April 04, 2012 07:56 AM #35
Rainmaker
175,582
Bob & Bonnie Horning
Homes and Land of Lancaster County - Mount Joy, PA

Anthony, What is PRC?

L&L, Why aren't there more natural gas vehicles on the road? That's what I can't figure out. Very low emissions, cheap fuel, plenty of it?? I know CA is leading the way so to speak... my sister has been a resident of CA for almost 40 years... she does tell me all the time just how expensive it is to live there though compared to PA.

April 04, 2012 08:19 AM #36
Rainmaker
668,926
Pamela Seley, REALTORĀ®
REALTY EXECUTIVES OTF - Temecula, CA
Menifee Lakes California Real Estate

Bob & Bonnie, it is not viable. All the mouthpieces for solar are speaking the new "green speak". It makes no financial sense whatsoever to install solar panels on existing homes. It's too costly, poor installation, and the government incentives go to line the pockets of solar installation co's. Let's be real, folks are losing their homes to foreclosure and short sale--they don't have the money to install solar panels. They're worreid about paying $5 gallon of gas to get to work and put food on the table.

If solar panels are included in new construction homes that may be something to consider. I concur, either technology is not at the level it needs to be, or it's all a scam for some to take advantage and ripoff homeowners. Thanks for your post today,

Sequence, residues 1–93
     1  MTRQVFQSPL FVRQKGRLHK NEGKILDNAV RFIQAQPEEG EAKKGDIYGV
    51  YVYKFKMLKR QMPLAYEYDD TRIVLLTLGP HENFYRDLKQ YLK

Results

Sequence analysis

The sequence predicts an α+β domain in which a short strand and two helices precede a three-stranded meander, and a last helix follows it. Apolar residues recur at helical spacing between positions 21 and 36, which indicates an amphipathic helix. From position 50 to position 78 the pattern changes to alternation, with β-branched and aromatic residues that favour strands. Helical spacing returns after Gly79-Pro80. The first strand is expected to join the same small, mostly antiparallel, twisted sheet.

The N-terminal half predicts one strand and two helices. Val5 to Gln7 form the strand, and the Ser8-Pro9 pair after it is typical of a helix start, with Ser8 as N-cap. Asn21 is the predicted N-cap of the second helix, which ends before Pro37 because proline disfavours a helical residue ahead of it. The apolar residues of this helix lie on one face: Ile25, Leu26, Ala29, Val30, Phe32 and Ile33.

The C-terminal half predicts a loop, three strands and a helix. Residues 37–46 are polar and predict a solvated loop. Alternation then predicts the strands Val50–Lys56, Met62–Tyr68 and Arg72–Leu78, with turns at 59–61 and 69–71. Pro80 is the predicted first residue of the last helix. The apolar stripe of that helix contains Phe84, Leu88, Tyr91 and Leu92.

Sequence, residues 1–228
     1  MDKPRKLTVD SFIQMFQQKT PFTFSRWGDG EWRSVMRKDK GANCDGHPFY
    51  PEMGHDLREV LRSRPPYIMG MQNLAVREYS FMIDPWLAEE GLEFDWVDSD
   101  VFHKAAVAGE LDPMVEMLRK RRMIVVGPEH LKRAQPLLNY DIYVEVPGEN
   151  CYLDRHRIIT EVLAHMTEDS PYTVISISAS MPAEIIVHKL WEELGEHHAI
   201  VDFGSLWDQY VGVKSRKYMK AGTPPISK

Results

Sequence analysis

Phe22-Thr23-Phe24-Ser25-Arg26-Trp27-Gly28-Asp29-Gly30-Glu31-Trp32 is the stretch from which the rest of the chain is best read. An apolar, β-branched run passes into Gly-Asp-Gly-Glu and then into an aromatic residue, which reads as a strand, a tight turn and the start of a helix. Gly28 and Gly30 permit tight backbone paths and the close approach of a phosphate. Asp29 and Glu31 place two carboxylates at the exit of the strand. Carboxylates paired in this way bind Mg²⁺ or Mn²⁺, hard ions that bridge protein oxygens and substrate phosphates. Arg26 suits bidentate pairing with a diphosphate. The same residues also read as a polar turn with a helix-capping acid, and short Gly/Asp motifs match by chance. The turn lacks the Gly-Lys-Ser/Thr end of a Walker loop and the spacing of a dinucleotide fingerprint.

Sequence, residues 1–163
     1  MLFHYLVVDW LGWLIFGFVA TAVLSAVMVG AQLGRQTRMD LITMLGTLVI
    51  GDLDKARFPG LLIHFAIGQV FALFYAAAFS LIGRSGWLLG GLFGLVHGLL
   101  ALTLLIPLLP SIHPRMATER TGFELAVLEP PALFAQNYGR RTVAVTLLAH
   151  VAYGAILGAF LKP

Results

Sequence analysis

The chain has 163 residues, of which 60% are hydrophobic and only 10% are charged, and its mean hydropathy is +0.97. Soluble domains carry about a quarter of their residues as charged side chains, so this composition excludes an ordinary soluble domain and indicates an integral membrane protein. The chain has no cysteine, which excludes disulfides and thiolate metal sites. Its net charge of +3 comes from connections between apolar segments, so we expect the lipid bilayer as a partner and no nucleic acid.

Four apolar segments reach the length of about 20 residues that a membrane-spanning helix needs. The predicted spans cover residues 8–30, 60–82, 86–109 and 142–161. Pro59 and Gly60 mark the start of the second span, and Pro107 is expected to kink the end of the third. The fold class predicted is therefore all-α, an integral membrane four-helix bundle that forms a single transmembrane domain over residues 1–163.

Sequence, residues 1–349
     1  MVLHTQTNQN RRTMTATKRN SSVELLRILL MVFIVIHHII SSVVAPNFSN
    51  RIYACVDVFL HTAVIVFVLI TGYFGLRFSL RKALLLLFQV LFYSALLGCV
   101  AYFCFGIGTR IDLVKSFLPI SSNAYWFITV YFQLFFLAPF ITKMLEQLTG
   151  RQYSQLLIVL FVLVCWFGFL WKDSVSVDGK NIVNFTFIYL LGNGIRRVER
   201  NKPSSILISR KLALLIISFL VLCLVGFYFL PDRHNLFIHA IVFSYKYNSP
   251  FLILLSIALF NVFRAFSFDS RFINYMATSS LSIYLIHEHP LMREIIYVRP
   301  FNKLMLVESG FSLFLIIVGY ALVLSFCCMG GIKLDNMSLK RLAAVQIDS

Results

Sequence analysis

April 04, 2012 11:53 AM #37
Rainmaker
175,582
Bob & Bonnie Horning
Homes and Land of Lancaster County - Mount Joy, PA

Pamela, You seem to be of the minority opinion in your state. If I had to lean one way or the other it's definitely your way. Thanks for the thoughts.

April 04, 2012 12:07 PM #38
Rainer
77,858
Mike Morrison
Will & Will Real Estate Brokers, The Woodlands, Texas - Houston, TX

I didn't see anyone mention that China is kicking our butt when it comes to solar panel costs. If any of this 'alternative energy" had a buck to be made, don't we think the oil co.'s would have jumped all over the market? 

Why do these schemes have to be subsidized by out right cash give aways from  the feds? Remember Solindra ? How much did we loose on that one?